Questcor Pharmaceuticals (QCOR) has donated nearly $50 million dollars of Acthar medication to patients in need. Acthar medication costs $50 for patients, and a 100% co-pay option is available for multiple sclerosis patients. Questcor's commitment to its patient base as well as its generous donations have paid off. Doctors are beginning to prescribe Acthar with preference over other medications in treating multiple sclerosis. Questcor is making a substantial amount of capital due to its popularity.
In early March, Questcor stated that it has generated $248 million this year in cash and cash equivalents. Share price is beginning to rise accordingly. However, Questcor does not seem to be forward looking while it has this upside momentum in generating capital with its multiple sclerosis treatment.
The pipeline for Questcor is lacking to say the least. The company says that it is developing treatments for multiple sclerosis, nephritic syndrome, infantile spasms and opsoclonus myoclonus syndrome, but Questcor lists the drugs being developed to treat these conditions as Acthar.
So, what is Questcor really doing? Why is it listing the same FDA approved drug as a developing drug for its entire pipeline? Why is Questcor not trying to research and develop novelty molecules for these and other diseases? It is possible that Acthar also has properties that can treat the diseases being studied in Questcor's pipeline. Nonetheless, the market size for these rare diseases are small and won't help to generate much more cash flow than Acthar already is. Questcor has a very good standing in the market right now due to Acthar's usefulness, but it is not looking to develop any new drugs.
This could be very bad news for Questcor if another multiple sclerosis drug is created within the next few years that is more effective than Acthar. That event could cripple Acthar sales and Questcor will have no pipeline drugs to fall back on. Questcor is a good investment for the next year, but keep an eye on the companies developing multiple sclerosis drugs over the next few years. If phase 3 clinical data suggests that a multiple sclerosis treatment is going to become FDA approved, it will be time to sell your Questcor share.
Sanofi (NYSE:SNY) sleep medication, Ambien, completely outsold Questcor's FDA approved Doral medication for insomnia. Ambien sold $951,108 thousand worth of medication in 2010, whereas Doral only made $450,000 in sales in 2010. Sanofi is unable to compete when comparing its multiple sclerosis treatment, Aubagio, with Questcor and Novartis. Aubagio did not perform very well in its phase 3 clinical trials. The trial was conducted on 324 patients that had relapsed multiple sclerosis. Only 37% of patients that received Aubagio treatment reached the predetermined endpoint. Aubagio was also deemed to be very safe at the doses it was administered. While this data is promising in terms of FDA approval, it is not positive in terms of market sales. Questcor and Novartis' multiple sclerosis drugs are better than Aubagio, making Aubagio obsolete in the market.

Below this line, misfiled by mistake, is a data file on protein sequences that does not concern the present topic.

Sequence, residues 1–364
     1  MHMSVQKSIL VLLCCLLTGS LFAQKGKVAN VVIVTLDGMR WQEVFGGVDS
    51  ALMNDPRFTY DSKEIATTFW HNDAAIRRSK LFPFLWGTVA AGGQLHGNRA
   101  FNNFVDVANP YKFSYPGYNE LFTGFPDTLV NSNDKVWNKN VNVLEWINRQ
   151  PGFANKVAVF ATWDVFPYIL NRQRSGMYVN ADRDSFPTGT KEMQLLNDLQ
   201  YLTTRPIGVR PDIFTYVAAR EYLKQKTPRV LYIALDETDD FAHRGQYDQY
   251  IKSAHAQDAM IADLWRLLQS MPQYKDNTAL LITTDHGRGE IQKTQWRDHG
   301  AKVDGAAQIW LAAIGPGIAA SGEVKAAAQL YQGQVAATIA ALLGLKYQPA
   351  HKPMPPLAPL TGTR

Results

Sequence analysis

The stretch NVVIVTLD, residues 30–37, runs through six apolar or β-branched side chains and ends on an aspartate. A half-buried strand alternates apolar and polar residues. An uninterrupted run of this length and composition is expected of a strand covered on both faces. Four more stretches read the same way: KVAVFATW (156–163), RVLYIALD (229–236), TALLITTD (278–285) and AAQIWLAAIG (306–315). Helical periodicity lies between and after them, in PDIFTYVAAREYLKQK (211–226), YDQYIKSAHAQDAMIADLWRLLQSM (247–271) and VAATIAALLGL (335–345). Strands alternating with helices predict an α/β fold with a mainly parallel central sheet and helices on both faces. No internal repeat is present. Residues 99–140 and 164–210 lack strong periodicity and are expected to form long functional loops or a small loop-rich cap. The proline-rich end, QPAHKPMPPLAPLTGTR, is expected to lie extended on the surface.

Novartis AG (NYSE:NVS), along with Merck (NYSE:MRK) and Pfizer (NYSE:PFE) are the most secure stock for investment in the biotech market. Novartis is moving over 130 drugs through its pipeline. While it is not safe to invest in companies that are moving only a few drugs through its pipeline, Novartis is a very safe investment. The fact that Novartis has 130 drugs for a variety of ailments and diseases makes it a safe bet. While there are always great chances that a drug will fail FDA approval, when Novartis has 130 drugs, the chances are in its favor of at least a few of those drugs gaining approval and generating capital. Novartis' acquisitions of Sandoz and Alcon (NYSE:ACL) diversify the company and extend its marketing reach, making its pipeline more valuable. Novartis has the lowest price to earnings ratio and pays the highest dividends out of its competitors. Novartis is looking at an upside momentum for the following few years, making Novartis a much more desirable long-term investment than Sanofi or Questcor.
Novartis is also regarded as the leader in multiple sclerosis treatments. Its multiple sclerosis drug Gilenya has been FDA approved since 2010. Gilenya has been proven to reduce the size of brain lesions up to 54%, making it a very significant treatment for the patients that have experience multiple sclerosis relapse. The side effects of Gilenya are slowed heart rate, liver problems, breathing problems, infection and muscular edema. These seem pretty serious, but Acthar has even more dangerous side effects, such as congestive heart failure, anxiety, asthma, infections, muscle weakness and changes in behavior. Therefore, Gilenya seems to be the more desirable choice even though the effectiveness of both drugs is the same.
Acthar is a very good treatment for multiple sclerosis and its sales reflect that quality. Novartis is providing the only competition for multiple sclerosis treatment, but Acthar is still generating over $200 million in cash flow this year.
However, Questcor is not a safe investment for the future. Drugs take at least 15 years from start to finish for development and release on the market. Questcor has no new drugs in its pipeline and therefore has no foreseeable income if Acthar ever becomes obsolete within the next decade. The fact that Questcor is complacently attempting to sit back and reap the benefits of its only successful drug should make investors very wary.